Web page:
Densho Digital Archive
Densho Visual History Collection
Title: Daniel Inouye Interview
Narrator: Sen. Daniel Inouye
Interviewers: Tom Ikeda (primary), Beverly Kashino (secondary)
Location: Honolulu, Hawaii
Date: June 30, 1998
Densho ID: denshovh-idaniel-01-0005

<Begin Segment 5>

TI: I'm going to now jump forward to, because later you enrolled at the University of Hawaii as a pre-med student, and the government then asked Americans of Japanese ancestry to volunteer for military service. And I wanted to ask you what your reaction was when you heard about this.

DI: Well, we greeted this with jubilation. Now keep in mind that on February 19th, the executive order was issued authorizing the army to set up concentration camps. Now, we in Hawaii had no idea that these camps had been established, all we knew was that every so often we would hear that so and so disappeared. I had no idea that there was a camp in Ewa on this island until after the war, that some of my neighbors were there, school teachers and priests. And there were those who just disappeared from our neighborhood, and we found out after the war that they were in other camps on the mainland. There were hundreds from Hawaii who were shipped out, but the major numbers of us were not affected. We were left here.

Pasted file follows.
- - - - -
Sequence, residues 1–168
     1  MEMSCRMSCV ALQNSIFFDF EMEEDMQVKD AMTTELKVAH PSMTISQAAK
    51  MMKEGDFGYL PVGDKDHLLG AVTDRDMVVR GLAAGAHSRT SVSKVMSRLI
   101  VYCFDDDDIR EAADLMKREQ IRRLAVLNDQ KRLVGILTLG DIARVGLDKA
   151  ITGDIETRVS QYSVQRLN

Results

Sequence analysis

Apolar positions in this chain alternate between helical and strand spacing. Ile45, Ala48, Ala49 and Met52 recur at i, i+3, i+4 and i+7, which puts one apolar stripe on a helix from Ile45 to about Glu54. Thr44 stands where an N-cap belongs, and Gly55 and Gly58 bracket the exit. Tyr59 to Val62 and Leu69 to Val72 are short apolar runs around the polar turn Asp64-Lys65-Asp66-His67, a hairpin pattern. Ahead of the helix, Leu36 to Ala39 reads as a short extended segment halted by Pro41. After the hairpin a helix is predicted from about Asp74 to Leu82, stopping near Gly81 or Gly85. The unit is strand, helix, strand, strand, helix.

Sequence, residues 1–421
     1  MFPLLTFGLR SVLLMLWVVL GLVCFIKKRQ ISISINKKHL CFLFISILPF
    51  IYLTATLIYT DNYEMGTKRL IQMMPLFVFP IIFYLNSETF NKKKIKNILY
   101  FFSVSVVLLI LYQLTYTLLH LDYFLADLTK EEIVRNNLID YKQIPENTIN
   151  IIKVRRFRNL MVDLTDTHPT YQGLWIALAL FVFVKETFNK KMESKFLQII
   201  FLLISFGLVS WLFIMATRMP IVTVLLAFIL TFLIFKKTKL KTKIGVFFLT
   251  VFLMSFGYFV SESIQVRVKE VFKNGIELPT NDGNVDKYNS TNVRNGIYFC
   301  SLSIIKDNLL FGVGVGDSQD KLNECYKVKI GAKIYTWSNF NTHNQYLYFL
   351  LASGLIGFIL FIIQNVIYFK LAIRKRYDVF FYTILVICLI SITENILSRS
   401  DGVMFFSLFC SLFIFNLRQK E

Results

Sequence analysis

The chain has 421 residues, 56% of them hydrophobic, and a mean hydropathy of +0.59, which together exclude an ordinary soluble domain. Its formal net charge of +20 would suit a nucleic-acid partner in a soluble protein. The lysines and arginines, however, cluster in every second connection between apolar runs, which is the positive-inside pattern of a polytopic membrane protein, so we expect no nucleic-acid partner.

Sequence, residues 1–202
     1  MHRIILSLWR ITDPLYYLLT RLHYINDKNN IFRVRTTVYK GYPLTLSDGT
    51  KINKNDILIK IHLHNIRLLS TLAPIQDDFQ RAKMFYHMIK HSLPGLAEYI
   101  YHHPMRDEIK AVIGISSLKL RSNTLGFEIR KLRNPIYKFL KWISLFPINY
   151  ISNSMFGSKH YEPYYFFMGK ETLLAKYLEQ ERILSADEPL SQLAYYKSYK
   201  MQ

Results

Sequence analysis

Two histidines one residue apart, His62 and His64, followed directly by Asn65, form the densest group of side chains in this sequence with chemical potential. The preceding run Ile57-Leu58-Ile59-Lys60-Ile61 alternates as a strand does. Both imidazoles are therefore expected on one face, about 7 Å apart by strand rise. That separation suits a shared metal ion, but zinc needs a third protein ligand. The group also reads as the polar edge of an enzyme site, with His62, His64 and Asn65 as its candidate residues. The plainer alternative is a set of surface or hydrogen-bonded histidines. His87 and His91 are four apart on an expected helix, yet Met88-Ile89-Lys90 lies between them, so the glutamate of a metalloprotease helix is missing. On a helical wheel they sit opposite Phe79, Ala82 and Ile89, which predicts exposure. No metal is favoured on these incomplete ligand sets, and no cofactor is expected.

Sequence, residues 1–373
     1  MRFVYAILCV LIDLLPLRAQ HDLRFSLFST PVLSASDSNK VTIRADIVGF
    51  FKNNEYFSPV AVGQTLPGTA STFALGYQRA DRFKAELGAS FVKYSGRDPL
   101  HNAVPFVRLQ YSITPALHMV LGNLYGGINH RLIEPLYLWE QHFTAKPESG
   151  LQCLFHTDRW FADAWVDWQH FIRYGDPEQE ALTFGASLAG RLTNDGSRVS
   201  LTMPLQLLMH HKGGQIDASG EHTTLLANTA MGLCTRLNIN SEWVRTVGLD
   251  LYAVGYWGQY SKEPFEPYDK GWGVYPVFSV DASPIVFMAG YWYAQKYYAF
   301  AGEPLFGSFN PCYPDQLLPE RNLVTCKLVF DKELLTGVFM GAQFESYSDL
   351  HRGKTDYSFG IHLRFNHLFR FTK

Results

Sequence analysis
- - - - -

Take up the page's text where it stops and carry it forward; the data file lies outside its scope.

TI: And then going back to your case so when the government said Americans of Japanese ancestry could volunteer for the service --

DI: Well, we had asked for it. On March 17th when the government of the United States designated Japanese as 4-C, which is a designation for enemy alien, many of us took this as personal matter, an insult to us. We considered ourselves just as good Americans as our neighbors, and so we began petitioning Washington. We began offering ourselves to do anything, dig ditches, string barbed wire, what have you. And an organization called the Varsity Victory Volunteers was formed, made up of university students who went out to dig trenches and put up barbed wires, and I was too young for that, but then I also signed these petitions. And when the president of the United States issued a statement saying that, "Americanism is a matter of mind and heart, it is not and has never been a matter of race or color," and declared that if we wished we can volunteer and become part of this special combat team, and when that announcement was made, together with several of my classmates, we literally ran from the campus to the draft board. That's a couple of miles. We ran there and we signed up.

<End Segment 5> - Copyright © 1998 Densho. All Rights Reserved.